The Government’s debt restructuring exercise may have shattered investor confidence in buying Government securities in the future, a noted economist has said.
And Jeremy Stephen is predicting that the Government’s parlous finances are threatening the future pensions of civil servants.
Stephen has predicted that unless Government increased the amount of Government paper commercial banks are required to hold, banks would buy the “bare minimum” while individuals may not even want to consider any in the future.
He is already forecasting that Government will need to embark on a second round of refinancing if Barbados fails to attract enough foreign direct investment to help ease the island’s money woes.
“Chances are we should be expecting some other form of refinancing within the next few years even with [International Monetary Fund] financing because like others have said, US$200 million plus is not enough to begin to fix our problems,” said the economist yesterday in a Facebook post of the US$290 million-dollar Extended Fund Facility made available to support Barbados’ balance of payments.
Government has embarked on a debt restructuring exercise where holders of Government instruments – treasury bills, notes and debentures – are to get an exchange for new ones at slashed interest rates and longer maturity period.
The deadline to accept the exchange offer was October 5.
Stephen slammed the new debt instruments on offer as “crappy”, and expressed disappointment that Government did not better explain its plans earlier.
“This is the problem. When your interest has gone down and your principal is stretched out even further, effectively you are getting way less money in today’s term than if you had the chance to recycle it. . . given time value of money,” he explained, adding that this was due mainly to inflation.
Government would therefore have a difficult time convincing commercial banks, insurance companies and individuals to invest in Government papers in coming years, he said.
“I am telling you right now these guys [commercial banks] will put in the bare minimum and then personally individuals will put in even less than they did before, you might not even find a single individual coming in,” he predicted.
Despite displaying a low appetite for Government paper for some time, from January 1 this year commercial banks were required to hold 20 per cent of their deposits in stipulated securities.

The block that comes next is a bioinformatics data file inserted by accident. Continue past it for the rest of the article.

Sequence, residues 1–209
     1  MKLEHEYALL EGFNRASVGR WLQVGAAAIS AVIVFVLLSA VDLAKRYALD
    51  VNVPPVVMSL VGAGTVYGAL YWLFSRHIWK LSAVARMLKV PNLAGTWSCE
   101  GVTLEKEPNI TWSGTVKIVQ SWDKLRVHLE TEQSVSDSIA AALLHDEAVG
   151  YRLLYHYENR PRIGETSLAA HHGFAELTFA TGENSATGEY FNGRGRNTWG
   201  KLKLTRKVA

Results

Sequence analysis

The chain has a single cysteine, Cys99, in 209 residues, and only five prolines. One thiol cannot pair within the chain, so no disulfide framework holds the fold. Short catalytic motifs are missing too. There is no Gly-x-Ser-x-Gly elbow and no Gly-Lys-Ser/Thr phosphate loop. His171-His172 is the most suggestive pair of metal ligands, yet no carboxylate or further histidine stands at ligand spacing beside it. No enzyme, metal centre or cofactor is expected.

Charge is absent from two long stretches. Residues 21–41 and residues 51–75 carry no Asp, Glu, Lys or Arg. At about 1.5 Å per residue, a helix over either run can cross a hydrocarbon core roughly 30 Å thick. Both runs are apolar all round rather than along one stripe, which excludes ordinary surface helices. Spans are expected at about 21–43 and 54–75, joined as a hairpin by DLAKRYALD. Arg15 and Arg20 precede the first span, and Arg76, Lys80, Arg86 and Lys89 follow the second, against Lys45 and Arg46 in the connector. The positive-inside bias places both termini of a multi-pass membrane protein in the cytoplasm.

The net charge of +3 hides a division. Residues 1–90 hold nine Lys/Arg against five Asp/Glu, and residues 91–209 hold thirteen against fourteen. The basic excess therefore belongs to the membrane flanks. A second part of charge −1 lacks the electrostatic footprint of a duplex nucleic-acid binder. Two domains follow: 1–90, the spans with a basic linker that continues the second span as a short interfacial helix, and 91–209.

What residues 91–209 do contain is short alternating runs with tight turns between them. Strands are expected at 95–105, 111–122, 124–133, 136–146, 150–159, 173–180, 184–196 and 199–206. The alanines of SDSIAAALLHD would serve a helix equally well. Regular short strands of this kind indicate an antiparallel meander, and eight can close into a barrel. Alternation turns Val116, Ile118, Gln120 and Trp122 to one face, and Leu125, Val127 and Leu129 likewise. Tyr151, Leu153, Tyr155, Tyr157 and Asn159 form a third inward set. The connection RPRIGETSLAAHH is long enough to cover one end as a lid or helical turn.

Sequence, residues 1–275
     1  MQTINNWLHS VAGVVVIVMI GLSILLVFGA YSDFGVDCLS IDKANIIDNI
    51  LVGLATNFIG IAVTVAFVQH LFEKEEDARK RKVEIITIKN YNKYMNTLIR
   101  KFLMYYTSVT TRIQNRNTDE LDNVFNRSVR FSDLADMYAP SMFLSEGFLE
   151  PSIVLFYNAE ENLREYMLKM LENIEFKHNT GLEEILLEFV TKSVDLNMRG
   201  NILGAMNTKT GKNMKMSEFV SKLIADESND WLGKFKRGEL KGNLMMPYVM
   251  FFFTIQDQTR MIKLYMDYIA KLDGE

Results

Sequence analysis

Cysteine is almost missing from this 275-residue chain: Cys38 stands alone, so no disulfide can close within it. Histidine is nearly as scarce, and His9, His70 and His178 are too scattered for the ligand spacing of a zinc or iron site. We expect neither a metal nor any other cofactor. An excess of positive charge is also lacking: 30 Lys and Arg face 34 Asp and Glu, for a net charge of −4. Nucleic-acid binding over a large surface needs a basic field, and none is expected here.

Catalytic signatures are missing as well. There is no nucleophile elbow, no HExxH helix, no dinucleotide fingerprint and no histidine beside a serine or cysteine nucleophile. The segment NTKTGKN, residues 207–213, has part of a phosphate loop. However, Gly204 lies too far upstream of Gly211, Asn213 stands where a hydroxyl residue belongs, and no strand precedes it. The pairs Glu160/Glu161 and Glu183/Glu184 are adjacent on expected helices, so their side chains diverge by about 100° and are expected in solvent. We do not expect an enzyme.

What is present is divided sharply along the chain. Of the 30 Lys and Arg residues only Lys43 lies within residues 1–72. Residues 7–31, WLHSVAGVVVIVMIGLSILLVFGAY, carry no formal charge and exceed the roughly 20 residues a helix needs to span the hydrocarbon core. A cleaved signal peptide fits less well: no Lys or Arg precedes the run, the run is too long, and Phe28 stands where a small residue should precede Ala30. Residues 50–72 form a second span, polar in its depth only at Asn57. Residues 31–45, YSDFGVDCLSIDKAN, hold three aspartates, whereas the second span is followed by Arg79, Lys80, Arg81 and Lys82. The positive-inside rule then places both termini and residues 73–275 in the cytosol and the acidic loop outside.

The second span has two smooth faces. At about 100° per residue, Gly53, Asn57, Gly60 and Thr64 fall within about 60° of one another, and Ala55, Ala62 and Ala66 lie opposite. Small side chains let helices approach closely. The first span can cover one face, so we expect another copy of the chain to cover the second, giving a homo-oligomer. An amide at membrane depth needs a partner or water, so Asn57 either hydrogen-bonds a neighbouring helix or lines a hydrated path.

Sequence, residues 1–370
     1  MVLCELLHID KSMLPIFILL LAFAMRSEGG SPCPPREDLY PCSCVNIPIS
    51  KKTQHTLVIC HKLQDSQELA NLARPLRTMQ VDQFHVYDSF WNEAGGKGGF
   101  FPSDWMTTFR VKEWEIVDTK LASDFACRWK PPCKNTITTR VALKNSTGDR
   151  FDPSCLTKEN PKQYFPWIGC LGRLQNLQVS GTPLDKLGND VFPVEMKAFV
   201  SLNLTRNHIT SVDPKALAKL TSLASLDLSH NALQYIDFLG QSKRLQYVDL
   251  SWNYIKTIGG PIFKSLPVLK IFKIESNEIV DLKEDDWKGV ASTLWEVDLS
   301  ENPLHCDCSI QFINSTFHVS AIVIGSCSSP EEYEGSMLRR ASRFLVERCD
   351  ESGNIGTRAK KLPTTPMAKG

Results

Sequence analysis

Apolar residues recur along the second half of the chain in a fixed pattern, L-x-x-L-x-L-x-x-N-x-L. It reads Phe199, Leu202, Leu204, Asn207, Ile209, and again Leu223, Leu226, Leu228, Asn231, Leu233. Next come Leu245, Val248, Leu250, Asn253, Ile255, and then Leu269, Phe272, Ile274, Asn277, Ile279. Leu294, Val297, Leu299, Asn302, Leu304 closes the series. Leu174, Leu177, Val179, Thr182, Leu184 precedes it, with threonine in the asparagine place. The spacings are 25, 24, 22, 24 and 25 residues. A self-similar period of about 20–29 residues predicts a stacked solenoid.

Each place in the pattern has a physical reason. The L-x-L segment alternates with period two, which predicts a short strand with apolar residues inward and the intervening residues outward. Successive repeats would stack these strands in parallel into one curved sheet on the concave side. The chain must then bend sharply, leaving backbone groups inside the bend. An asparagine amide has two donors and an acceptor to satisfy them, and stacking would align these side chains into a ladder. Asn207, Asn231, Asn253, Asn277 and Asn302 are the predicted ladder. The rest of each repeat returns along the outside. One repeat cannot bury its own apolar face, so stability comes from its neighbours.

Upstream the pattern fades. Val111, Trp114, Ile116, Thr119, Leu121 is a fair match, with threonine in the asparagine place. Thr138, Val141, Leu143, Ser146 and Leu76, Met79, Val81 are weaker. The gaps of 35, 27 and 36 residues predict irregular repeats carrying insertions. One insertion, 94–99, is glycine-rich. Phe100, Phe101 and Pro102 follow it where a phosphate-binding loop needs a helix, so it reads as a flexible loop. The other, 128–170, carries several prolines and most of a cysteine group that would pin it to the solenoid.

Stephen, who expressed sympathy for pensioners affected by Government’s debt restructuring, said his worry now was “the next round of investment” that would be required.
He explained that the loans from the IMF, the Inter-American Development Bank and the Caribbean Development Bank were for specific purposes, and therefore Government could still face a long-term problem of financing its various social programmes and meeting monthly obligations on time including paying salaries if the country did not start to attract more direct foreign investment.
“That to me has the larger long-term problem,” said Stephen, who is also predicting that public workers under age 45 are no longer guaranteed a pension.
“My major concern then is suppose the [foreign direct investment] does not come in when you want it to come in, you can almost guarantee that given conditions today everyone of you under age 45 should not look for a Government pension,” he said.
But while the announcement late last week of a fundamental policy shift from tight currency control to the planned relaxation, “made sense”, Stephen questioned if enough research was done prior to the announcement.
“If you have a case where people are not faithful or don’t believe in what the Government can do over the next few years then liberalizing exchange rates leads to devaluation,” he warned, adding that it was therefore in the country’s best interest to really ramp up its exports and attract more foreign direct investment.